Finding these women was one of the best things that has happened to me. It has brought me some of the most amazing friendships that I could ever ask for -- women who, no matter what, will drop anything for you to be the support you need. People that I love, without ever having met them face to face, and people that love me back. Friendships that I will carry with me for the rest of my life. These women are an inspiration to me, more than they will ever know. Every day they fight to make the infertility world better. They fight to make sure that infertility becomes less of a taboo topic and more of an open discussion. They FIGHT for the right of others to have better access to treatments. It is a community that I am proud to be a part of, even though I do not say it enough. They taught me early on to not be ashamed of what we were going through. That it SHOULD be out in the open. THAT is what I want to do in return.

This year, RESOLVE's theme was "Join the Movement ..."

The goal of this year's Blog Challenge is to bring together bloggers to talk about how you are making the difference in ways large and small in the lives of people with infertility. Topics covered in your blog post can include how you broke the silence of infertility in your life, how you advocated for the infertility community, how you advocated for yourself, or how you created a support community to help you through the infertility journey.

I will be the first to admit that I do not do enough for this community. I always want to do more. So much more. But I don't. I can give you a million reasons why, but I will save you from that because the fact of the matter is there is no excuse. So, for now, I do what I can, which is lending support. I can do support. I can do hugs. I can give so, so much love. I can be a shoulder to cry on. More than anything, I can encourage and supply HOPE when hope is nowhere to be seen. I do not EVER want anybody to feel the way I felt after my miscarriage. To hit a rock bottom below the rock bottom. To be so afraid of leaving your house because of what might go wrong. To feel like you have nobody there to pick you back up.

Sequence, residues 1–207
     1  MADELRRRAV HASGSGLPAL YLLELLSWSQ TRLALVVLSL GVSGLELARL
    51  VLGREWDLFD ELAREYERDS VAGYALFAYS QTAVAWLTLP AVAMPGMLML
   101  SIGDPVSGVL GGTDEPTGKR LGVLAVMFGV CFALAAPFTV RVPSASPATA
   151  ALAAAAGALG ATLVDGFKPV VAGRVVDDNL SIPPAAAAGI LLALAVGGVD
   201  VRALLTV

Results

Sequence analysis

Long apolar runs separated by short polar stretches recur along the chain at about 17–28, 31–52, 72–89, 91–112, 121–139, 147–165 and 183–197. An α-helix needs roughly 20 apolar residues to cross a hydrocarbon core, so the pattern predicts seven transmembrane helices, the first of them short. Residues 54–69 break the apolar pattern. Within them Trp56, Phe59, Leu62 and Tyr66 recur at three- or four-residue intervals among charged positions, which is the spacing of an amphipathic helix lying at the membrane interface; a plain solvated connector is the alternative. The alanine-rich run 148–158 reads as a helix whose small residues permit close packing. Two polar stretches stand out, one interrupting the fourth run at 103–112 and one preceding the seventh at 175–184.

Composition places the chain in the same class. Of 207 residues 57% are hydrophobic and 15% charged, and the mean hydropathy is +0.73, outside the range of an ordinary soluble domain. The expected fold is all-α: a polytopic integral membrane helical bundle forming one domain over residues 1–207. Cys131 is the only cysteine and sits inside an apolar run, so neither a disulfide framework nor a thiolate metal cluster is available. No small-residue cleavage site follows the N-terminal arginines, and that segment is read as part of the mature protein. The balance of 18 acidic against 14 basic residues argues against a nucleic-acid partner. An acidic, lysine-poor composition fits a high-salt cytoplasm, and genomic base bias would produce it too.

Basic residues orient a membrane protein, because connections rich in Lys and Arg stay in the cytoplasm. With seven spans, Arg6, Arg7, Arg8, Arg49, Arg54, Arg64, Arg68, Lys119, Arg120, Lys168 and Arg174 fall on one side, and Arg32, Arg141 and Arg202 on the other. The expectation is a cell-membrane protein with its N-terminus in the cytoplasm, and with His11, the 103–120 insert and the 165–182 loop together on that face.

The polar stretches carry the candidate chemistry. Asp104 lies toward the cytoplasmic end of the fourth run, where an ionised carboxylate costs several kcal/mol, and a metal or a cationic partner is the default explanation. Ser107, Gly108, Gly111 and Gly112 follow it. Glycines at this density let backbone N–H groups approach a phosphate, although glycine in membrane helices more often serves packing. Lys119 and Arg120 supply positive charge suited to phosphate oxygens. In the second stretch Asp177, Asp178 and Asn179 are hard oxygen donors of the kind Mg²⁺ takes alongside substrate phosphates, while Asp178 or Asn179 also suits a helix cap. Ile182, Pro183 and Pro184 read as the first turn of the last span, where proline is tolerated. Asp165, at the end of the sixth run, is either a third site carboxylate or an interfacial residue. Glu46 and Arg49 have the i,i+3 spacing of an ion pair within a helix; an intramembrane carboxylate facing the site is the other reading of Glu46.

That depression post-miscarriage was the lowest point of my life, and is it a low that I never want to see again. Nor do I want any woman to feel even a fraction of how I felt. So when I can? Whether it's a message or a hug or a phone call ... I will be there.

This is what I do, or what I try to do, on a daily basis. Going forward, I am vowing to do better. I want to give more to the community that has already given me so much, and I am looking forward to what the next year will bring. This is the first year that I have truly been in touch with what has been happening in the NIAW world, and as I said before, I am in awe of who I have the honor of associating with.  I hope I make my friends proud in being a better advocate for the community that has already give me so much.

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Join the movement! You don't have to suffer from this disease to be an advocate for it. For more information on infertility and National Infertility Awareness Week, you can visit the following links on the RESOLVE website:

http://www.resolve.org/infertility-overview/what-is-infertility/
http://www.resolve.org/national-infertility-awareness-week/about.html

2 comments:

wifeofasailor.com said...

((hugs)) to you lady.

But please, PLEASE don't negate your own infertility struggle by comparing it to others. You have dealt with the pain of infertility just like everyone else.

No one would ever say, "oh, I have cancer, but I can't relate to cancer as much as others because they had X cancer."

Just because you didn't need as many interventions as some people, doesn't mean your struggle is less valid.

((hugs))

Heather said...

Being there and sharing your story is invaluable. And showing off your little one - priceless.